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The natural gas industry in the United States finds itself in a bit of a quandary of late. For the last four or five years, it rapidly developed shale gas plays like the Barnett, the Marcellus and the Haynesville.

Horizontal drilling and hydraulic fracking technology transformed the entire sector here in the United States. It allows natural gas extraction from tight shale plays that were once thought to be uneconomical to develop.

But the big drilling spree in the aforementioned plays has come with an ironic price. It created a glut of gas, keeping prices so low as to make it nearly unprofitable to continue to expand production in the plays.

Changing Horse in the Middle of the Stream

The good news is that many of the natural gas exploration and production companies quickly adapted. They transformed themselves into oil exploration and production companies.

Oil prices, unlike those of natural gas, have remained relatively high, driven by continuing strong demand from India and China, and uncertainty regarding supplies emanating from the Middle East.

It turns out the same hydraulic fracking and horizontal drilling can be used on shale oil deposits, like the Bakken formation in North Dakota and Montana, and the Eagle Ford deposit in Texas. But there’s another, rapidly developing shale oil play.

From Cattle Ranchers to Oil Barons

It all started “Home on the Range,” as the classic western ballad goes. Back in the late 1800s and early 1900s, Colorado’s El Paso County was prime ranchland for grazing cattle. Ranch houses were at least three to four miles apart.

Going to town was an all day affair. It entailed several hours driving on dusty pothole-filled roads. And oilrigs? They were something you saw in a picture book on Texas at the local library.

Fast-forward 100 years or so. The quiet windswept prairies in Colorado, Wyoming, South Dakota and Nebraska are now humming with drilling rigs.

Oil lease negotiators are swarming all over El Paso County in Colorado, and just about everywhere else in the region. They’re all snapping up land in one of the newest oil shale plays, the Niobrara. It’s a good bet some of the cattle ranchers’ descendents are suddenly finding themselves with millions in the bank from oil leases.

The Niobra Shale Formation Geography

The Niobrara Shale formation covers parts of four western states – Wyoming, Colorado, South Dakota and Nebraska:

The Niobrara Shale formation

Geologists have known about the oil in Niobrara for about 80 years. But no one ever thought it could be recovered economically… until now. Like the Barnett, Fayetteville, Marcellus, Haynesville and Bakken – the Niobrara is another shale play that’s been known about for some time.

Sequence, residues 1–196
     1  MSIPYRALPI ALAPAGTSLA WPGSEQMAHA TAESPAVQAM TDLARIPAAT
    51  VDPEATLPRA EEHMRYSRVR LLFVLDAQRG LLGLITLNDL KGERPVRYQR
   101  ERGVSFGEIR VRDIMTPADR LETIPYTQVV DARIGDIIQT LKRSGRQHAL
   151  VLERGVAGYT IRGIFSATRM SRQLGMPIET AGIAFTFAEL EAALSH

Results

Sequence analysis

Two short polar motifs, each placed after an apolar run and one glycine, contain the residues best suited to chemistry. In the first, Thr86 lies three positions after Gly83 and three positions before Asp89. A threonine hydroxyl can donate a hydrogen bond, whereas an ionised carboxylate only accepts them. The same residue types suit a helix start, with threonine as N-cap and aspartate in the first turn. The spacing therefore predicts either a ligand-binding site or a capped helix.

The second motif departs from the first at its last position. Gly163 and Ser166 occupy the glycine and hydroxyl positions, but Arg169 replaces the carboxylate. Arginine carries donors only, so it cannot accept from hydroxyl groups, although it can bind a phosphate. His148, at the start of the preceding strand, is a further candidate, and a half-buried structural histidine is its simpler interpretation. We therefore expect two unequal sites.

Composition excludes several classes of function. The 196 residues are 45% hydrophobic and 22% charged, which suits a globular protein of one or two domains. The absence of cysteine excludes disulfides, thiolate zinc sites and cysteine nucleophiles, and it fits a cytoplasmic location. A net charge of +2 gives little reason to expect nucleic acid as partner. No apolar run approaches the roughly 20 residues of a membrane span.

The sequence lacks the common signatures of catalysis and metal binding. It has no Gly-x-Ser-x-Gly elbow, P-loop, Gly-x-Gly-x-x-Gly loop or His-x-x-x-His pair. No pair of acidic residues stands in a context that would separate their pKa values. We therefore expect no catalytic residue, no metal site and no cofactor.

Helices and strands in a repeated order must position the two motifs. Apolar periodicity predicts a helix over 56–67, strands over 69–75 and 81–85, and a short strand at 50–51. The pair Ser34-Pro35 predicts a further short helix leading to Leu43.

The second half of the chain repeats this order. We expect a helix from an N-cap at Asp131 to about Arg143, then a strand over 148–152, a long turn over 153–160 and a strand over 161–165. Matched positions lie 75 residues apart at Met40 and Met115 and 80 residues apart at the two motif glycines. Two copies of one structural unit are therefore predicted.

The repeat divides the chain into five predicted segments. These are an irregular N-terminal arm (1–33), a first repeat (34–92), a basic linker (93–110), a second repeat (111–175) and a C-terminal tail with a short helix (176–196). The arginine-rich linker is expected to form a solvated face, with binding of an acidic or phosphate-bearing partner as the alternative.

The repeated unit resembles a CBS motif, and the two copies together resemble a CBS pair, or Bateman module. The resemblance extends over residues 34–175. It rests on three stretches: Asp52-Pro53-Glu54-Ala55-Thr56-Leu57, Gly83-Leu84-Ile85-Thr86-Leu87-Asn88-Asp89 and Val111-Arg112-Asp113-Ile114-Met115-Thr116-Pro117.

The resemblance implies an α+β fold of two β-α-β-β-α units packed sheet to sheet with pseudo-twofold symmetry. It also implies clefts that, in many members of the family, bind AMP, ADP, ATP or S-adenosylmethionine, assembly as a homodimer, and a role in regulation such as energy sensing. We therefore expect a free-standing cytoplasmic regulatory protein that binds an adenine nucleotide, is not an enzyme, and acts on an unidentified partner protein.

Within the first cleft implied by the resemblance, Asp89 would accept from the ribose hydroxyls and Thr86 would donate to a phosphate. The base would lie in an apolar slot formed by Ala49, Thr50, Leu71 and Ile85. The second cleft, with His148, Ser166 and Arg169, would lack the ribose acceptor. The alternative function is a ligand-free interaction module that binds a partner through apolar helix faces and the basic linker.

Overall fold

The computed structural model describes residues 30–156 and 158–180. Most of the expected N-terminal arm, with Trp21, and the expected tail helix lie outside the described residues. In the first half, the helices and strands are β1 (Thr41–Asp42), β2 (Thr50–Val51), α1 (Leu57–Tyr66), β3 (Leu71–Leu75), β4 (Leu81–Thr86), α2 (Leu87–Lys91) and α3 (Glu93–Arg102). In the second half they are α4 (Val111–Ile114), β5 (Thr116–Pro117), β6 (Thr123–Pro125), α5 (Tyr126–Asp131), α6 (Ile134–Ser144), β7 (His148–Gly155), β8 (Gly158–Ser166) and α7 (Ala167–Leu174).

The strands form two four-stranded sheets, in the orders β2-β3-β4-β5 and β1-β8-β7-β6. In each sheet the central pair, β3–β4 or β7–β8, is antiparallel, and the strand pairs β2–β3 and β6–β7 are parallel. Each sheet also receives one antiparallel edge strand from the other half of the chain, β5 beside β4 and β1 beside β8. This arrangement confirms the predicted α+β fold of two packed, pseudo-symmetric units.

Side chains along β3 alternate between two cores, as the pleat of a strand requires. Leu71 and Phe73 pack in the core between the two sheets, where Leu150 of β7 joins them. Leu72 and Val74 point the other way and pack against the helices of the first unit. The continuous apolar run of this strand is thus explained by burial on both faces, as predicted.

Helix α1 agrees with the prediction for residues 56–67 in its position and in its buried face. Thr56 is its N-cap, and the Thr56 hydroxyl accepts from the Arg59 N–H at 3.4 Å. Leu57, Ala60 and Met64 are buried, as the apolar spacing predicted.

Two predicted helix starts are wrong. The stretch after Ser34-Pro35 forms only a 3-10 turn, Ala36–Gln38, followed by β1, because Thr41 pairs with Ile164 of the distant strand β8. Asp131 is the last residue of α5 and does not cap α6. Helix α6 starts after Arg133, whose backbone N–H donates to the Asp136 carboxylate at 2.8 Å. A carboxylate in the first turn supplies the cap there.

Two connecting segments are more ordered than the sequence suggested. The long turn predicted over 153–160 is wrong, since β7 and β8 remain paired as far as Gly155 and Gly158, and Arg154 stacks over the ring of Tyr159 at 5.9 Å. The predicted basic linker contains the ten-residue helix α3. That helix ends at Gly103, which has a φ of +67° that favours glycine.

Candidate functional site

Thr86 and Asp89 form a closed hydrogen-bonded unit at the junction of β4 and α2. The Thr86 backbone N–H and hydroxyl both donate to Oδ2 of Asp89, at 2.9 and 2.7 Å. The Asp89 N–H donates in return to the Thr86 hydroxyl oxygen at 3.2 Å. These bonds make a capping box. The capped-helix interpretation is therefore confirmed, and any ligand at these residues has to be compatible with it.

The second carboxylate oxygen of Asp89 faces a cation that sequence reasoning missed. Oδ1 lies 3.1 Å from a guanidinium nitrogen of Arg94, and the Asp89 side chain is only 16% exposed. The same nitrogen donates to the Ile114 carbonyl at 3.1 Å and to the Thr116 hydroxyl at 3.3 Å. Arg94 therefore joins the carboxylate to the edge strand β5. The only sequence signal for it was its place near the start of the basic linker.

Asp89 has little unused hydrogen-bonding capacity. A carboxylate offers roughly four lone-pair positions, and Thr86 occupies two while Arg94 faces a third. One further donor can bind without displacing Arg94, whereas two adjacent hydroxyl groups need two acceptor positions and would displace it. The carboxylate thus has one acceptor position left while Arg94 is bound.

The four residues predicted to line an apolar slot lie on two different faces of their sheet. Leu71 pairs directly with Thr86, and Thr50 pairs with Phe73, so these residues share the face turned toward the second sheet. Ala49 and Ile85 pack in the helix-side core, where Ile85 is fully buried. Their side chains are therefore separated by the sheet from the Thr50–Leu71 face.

But it’s only recently that some of the major exploration and production companies shifted capital and drill rigs to explore the Niobrara.

And it’s only since the advent of hydraulic fracking and horizontal drilling that it’s possible for this formation to be exploited for the oil and natural gas it contains.

According to El Paso County assessor Mark Lowderman, there have been over 2,200 leases signed with oil companies since 2009.

Ranchers Welcoming Oil Companies

The Niobrara geology offers some challenges for oil companies looking to develop the play. Many areas are especially environmentally sensitive, adding to the difficulties in the development.

But with the prospect of receiving several thousand dollars per day from a well with decent flows, many ranchers are welcoming the oil companies with open arms.

Oil drilling fever has been spurred on by all the enthusiasm over the more well-established Bakken play in North Dakota and Montana, and parts of the Eagle Ford in Texas.

Shale Oil Reserves “Larger Than Previously Thought”

All the drilling seems to be paying off. In 2010, the United States saw the highest domestic oil production since 2004. Much of the increase to the current level of 5.5 million barrels per day has come from shale oil with North Dakota (Bakken) posting the largest increase in oil production last year.

A September report from the U.S. National Petroleum Council (NPC) said that U.S. shale oil reserves are “proving to be much larger than previously thought.” The NPC indicated that shale oil production could rise to as much as three million barrels per day “depending on access to new plays and continued technology development.”

That’s significant, but still nowhere near enough to wean the country off foreign oil. But it’ll provide a significant chunk of our current consumption of 19 million barrels per day.

While there are a number of majors like EOG Resources, Inc. (NYSE: EOG) and Chesapeake Energy Corporation (NYSE: CHK) drilling in the Niobrara, many smaller operators are signing leases and drilling wells, too.

Keep an eye on the Niobrara. It’s another hot new play in shale oil, and could be a significant contributor to U.S. oil production in the years ahead.

Disclosure: None

Source: Shale Oil Is The New Energy Boom In The U.S.